By Chris Jones/The Oshawa Express
City council has approved, in principle, the establishment of a Municipal Accommodation Tax, which could bring in approximately $700,000 annually for the city.
The tax is four per cent on transient accommodations, which is a room or group of rooms not occupied as a principle residence for 30 days or less.
While the report given to council estimates approximately $700,000 in annual revenue from the tax, it acknowledges things may have changed due to the COVID-19 pandemic.
“It should be recognized that the revenue estimates in the C.B.R.E. report were derived prior to the COVID-19 pandemic. As a result of the current economic conditions, the projected revenue estimates may be substantially less than originally forecast,” reads the report.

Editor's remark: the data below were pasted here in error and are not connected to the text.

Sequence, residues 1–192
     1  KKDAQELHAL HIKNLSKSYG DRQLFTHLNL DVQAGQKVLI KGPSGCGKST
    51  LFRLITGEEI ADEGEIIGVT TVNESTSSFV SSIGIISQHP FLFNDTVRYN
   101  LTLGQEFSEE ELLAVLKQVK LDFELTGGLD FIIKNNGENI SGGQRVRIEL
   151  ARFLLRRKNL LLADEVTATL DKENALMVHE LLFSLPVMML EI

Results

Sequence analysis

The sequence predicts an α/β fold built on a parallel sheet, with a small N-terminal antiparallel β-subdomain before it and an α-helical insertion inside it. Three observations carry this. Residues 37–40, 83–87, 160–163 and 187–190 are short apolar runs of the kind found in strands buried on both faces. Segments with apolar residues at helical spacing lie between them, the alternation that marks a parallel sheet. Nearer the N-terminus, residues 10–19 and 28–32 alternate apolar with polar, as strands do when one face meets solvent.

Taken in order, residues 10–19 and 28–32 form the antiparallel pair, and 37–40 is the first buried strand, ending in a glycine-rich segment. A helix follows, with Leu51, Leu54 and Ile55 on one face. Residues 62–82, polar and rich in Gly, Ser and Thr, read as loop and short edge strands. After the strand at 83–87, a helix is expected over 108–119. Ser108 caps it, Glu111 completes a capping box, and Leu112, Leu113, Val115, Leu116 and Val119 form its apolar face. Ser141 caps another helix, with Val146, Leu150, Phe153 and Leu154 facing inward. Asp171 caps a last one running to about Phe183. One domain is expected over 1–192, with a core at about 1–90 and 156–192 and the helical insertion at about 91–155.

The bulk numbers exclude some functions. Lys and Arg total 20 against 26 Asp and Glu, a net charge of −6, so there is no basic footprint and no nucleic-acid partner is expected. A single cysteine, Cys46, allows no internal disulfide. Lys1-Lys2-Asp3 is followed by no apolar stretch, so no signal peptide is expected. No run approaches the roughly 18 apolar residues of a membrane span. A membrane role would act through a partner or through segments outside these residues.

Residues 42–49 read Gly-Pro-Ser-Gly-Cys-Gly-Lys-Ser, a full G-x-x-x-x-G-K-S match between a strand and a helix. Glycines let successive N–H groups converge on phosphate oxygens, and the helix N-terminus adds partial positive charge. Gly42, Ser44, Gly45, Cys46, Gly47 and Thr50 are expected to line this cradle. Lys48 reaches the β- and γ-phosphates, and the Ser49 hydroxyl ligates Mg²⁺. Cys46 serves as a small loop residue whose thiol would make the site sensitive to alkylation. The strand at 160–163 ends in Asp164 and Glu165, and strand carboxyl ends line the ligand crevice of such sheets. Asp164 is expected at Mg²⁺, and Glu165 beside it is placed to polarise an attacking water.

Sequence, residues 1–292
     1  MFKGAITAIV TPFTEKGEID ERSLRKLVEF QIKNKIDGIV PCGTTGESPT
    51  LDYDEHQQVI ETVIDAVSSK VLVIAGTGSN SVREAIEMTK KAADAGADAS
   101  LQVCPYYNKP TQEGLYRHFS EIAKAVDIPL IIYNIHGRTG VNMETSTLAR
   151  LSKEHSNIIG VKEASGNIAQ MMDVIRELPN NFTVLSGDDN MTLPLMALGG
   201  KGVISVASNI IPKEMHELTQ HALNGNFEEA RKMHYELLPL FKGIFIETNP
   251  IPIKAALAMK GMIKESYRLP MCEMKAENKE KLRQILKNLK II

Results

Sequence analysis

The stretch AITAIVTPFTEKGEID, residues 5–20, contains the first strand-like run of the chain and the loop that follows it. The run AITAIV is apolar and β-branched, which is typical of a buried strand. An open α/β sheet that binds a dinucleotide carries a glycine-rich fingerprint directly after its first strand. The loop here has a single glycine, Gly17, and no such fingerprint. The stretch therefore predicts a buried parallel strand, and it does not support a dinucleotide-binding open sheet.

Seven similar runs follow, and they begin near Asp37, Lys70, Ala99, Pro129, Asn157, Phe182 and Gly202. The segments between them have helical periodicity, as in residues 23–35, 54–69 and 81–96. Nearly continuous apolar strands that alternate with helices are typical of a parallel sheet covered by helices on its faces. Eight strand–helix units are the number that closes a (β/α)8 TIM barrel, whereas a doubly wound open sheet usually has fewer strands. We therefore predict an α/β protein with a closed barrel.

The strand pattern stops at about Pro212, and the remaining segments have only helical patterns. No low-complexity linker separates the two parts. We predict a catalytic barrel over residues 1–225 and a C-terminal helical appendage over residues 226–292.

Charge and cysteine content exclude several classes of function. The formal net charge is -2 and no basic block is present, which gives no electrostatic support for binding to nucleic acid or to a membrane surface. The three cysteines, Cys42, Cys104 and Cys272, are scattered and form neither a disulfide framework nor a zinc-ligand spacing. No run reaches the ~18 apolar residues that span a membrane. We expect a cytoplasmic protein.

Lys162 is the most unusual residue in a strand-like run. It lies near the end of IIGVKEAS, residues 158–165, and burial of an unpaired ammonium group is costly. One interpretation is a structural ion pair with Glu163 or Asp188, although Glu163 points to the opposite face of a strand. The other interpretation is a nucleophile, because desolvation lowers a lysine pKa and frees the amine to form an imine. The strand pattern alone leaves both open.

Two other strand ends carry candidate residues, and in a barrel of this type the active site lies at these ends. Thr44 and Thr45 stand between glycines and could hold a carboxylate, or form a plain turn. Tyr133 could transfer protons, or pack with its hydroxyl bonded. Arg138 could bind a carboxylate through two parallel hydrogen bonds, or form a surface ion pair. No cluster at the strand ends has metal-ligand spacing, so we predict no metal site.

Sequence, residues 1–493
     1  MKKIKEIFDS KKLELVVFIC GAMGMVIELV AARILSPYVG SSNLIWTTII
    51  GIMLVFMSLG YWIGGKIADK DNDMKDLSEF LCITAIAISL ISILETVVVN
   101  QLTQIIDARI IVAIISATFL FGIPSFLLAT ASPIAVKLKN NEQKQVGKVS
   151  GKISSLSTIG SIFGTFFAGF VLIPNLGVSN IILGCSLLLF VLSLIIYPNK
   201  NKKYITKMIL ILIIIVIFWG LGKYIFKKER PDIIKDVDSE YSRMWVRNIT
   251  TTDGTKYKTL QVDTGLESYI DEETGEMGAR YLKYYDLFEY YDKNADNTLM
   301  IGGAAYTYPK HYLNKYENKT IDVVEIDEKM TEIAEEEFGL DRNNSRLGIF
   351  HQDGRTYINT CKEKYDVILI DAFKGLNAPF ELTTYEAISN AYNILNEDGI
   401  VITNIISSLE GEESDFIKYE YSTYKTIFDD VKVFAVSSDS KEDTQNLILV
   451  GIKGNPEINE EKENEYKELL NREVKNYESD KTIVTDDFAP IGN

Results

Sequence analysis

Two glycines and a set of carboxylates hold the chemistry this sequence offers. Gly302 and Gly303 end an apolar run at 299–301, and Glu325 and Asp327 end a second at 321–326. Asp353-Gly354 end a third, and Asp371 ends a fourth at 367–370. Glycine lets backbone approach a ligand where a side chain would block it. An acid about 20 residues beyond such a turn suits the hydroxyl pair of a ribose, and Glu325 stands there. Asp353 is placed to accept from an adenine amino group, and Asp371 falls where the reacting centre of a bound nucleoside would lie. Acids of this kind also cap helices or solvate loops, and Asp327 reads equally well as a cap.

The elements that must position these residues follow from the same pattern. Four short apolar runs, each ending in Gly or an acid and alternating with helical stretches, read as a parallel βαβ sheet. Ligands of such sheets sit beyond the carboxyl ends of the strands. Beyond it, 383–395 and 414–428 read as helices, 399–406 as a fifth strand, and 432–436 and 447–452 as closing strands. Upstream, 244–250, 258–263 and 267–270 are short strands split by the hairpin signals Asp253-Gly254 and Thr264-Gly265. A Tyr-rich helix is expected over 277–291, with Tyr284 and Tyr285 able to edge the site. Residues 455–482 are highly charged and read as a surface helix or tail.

However, there are some conditions which need to be met before the tax can be fully approved.
Staff needs to report back to the city’s finance committee with an implementation plan, as well as an associated bylaw before the 2021 budget is approved.
Before council could move forward with the plan, Ward 4 City Councillor Derek Giberson expressed his approval for the new tax, stating his support for this new method to create revenues shouldn’t be a surprise to anyone.
According to Commissioner of Finance Stephanie Sinnott, staff will come back with more than one option for council, as well as a recommendation as to which staff would choose.